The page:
I love Excel and sometimes I wish I could use all of the same Excel functions in Power Apps but I can’t so I nest (enclose one function within another function) a lot of functions instead.
In my example Technology Loaner Request app, users are able to request laptops and phones. There are several loaner devices available at any given time and I need to be able to tell users how many devices, if any, are available.
For this app, a single SharePoint list is the data source with both laptops and phones in the list. There are columns called DeviceName, DeviceType, and CheckedOutBy for the name of the device, type of device, and the user that has the device checked out, respectively. These are the columns I need to use when I write code to display the number of available devices.
Armed with this information about my data I start building. I like to build code statements by starting with the basic thing I need to do and then adding to it.
To display the number of laptops or phones available, I started with CountIf. First, I get a count of all the laptops or phones like this:
CountIf('Technology Loaner Request',"Laptop" in DeviceType)
This code counts the number of records in my data source, the SharePoint list named Technology Loaner Request when the term Laptop is found in the DeviceType column in the data source. This way, I isolate the number of laptops from the number of phones available. Feel free to copy/paste the code above and substitute the names of my data source, columns and terms for yours.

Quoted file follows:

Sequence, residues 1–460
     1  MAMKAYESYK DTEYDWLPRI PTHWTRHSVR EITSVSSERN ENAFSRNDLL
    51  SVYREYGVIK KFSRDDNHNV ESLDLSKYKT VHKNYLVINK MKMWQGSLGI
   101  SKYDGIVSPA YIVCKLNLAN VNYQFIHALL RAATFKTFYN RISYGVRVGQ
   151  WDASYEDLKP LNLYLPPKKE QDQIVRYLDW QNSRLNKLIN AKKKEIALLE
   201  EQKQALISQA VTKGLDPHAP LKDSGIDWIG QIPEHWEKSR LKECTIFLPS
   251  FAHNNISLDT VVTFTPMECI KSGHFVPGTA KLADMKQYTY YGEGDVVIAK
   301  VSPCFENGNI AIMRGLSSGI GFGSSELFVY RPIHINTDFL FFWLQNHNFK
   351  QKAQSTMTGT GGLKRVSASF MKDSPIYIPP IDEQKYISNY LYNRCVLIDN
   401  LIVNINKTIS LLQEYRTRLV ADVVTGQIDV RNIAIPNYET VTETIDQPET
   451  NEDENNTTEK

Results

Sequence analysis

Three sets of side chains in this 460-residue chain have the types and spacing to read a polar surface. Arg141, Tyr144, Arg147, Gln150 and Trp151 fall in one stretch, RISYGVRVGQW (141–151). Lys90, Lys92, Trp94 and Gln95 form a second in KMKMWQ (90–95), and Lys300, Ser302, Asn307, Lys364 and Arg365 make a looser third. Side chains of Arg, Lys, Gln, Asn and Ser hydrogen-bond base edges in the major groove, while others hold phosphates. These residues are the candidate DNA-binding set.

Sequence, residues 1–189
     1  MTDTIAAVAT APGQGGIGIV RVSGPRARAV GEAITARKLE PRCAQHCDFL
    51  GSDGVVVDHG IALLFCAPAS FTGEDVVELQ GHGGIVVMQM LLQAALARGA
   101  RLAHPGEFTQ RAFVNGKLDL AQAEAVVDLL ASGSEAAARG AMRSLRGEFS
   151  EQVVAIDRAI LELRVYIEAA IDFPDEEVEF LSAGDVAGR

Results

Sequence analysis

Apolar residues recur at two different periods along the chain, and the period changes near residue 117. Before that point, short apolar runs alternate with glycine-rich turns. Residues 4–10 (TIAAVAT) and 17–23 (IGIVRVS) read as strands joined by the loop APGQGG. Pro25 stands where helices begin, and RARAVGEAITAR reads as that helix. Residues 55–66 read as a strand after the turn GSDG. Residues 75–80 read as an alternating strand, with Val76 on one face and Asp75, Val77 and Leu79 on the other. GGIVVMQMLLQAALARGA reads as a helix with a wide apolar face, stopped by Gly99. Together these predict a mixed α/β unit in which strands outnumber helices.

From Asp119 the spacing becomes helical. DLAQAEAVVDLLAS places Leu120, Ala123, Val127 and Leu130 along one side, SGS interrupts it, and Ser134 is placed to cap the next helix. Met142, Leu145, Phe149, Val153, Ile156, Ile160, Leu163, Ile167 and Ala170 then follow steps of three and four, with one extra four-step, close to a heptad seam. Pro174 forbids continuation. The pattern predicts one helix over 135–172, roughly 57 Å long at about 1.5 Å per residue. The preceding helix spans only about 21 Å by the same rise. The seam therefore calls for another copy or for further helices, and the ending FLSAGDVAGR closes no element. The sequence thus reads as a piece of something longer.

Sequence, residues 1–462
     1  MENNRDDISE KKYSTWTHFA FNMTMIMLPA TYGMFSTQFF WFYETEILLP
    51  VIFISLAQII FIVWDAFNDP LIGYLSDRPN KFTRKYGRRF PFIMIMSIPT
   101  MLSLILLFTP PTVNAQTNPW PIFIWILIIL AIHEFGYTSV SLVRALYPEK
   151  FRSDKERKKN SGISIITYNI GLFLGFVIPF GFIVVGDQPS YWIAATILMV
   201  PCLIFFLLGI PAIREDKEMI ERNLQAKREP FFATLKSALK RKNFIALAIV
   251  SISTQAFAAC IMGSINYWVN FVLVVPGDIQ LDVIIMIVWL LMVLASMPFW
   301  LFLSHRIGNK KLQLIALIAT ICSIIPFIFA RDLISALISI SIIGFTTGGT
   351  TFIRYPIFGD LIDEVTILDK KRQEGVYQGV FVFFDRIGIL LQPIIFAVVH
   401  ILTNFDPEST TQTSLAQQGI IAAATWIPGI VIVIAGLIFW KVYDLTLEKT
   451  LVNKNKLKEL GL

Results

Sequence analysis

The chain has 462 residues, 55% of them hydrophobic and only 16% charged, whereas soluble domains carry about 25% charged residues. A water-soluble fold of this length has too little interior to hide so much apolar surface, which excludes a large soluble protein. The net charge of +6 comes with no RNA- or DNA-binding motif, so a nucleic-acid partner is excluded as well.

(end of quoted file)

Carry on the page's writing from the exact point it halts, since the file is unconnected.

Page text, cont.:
There were 8 total laptops so the code above returns the number 8 as the result but there are not 8 laptops available. Two have already been checked out by users.
I’ll add to my existing code to account for devices already checked out like this:
CountIf('Technology Loaner Request',"Laptop" in DeviceType, IsBlank(CheckedOutBy))
This code does what it did before but CountIf has the inherent ability to evaluate multiple conditions like CountIfs in Excel. I just remove the original ending ) and replace it with a comma and lengthen the statement. The new statement counts the number of records in the data source when the term Laptop is found in the DeviceType column and the same record has nothing in the CheckedOutBy column.
There are 6 total laptops not checked out and available. Excellent.
Make it user-friendly
If all of the laptops or phones are checked out a zero appears as the number of available laptops. Sometimes users call or email the department wondering if there really are no available devices because they aren’t sure if the 0 is accurate or if there is a problem with the app. I realized that it is better to display some text and not the number 0 when there are no laptops or phones so I added a bit more to the existing code to address the issue like this:
If(CountIf('Technology Loaner Request',"Laptop" in DeviceType,IsBlank(CheckedOutBy))=0,"There are no available laptops.",CountIf('Technology Loaner Request',"Laptop" in DeviceType,IsBlank(CheckedOutBy)))
In the code statement above, I wrapped the entire original statement within and If statement. This statement checks to see if the result of the original CountIf statement is equal to 0 and if it is the text There are no available laptops is displayed (instead of a 0). If the original code statement is not equal to 0 then I want the whatever the value is to appear. That is why the original statement appears a second time. It is what should appear if the answer to the If statement is false.
Make this solution even better by having this screen automatically refresh every few minutes. Check out my AutoRefresh in PowerApps post to get it done!
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